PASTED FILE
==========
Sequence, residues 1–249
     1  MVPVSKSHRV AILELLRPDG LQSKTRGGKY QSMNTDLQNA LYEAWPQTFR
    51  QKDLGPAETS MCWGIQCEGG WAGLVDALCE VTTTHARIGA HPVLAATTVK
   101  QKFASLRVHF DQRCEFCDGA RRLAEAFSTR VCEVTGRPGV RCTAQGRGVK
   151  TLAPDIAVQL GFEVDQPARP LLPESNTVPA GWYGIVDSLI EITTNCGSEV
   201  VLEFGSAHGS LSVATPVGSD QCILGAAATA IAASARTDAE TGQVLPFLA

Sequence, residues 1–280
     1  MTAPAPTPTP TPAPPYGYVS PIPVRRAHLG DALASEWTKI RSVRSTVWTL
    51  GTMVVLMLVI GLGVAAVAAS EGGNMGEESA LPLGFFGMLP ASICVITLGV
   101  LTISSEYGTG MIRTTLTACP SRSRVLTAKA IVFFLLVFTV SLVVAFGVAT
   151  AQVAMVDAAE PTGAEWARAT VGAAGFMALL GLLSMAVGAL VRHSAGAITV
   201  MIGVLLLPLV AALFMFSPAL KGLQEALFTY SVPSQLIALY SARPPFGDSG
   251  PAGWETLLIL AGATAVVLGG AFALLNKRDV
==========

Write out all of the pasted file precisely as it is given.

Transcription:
Sequence, residues 1–249
     1  MVPVSKSHRV AILELLRPDG LQSKTRGGKY QSMNTDLQNA LYEAWPQTFR
    51  QKDLGPAETS MCWGIQCEGG WAGLVDALCE VTTTHARIGA HPVLAATTVK
   101  QKFASLRVHF DQRCEFCDGA RRLAEAFSTR VCEVTGRPGV RCTAQGRGVK
   151  TLAPDIAVQL GFEVDQPARP LLPESNTVPA GWYGIVDSLI EITTNCGSEV
   201  VLEFGSAHGS LSVATPVGSD QCILGAAATA IAASARTDAE TGQVLPFLA

Sequence, residues 1–280
     1  MTAPAPTPTP TPAPPYGYVS PIPVRRAHLG DALASEWTKI RSVRSTVWTL
    51  GTMVVLMLVI GLGVAAVAAS EGGNMGEESA LPLGFFGMLP ASICVITLGV
   101  LTISSEYGTG MIRTTLTACP SRSRVLTAKA IVFFLLVFTV SLVVAFGVAT
   151  AQVAMVDAAE PTGAEWARAT VGAAGFMALL GLLSMAVGAL VRHSAGAITV
   201  MIGVLLLPLV AALFMFSPAL KGLQEALFTY SVPSQLIALY SARPPFGDSG
   251  PAGWETLLIL AGATAVVLGG AFALLNKRDV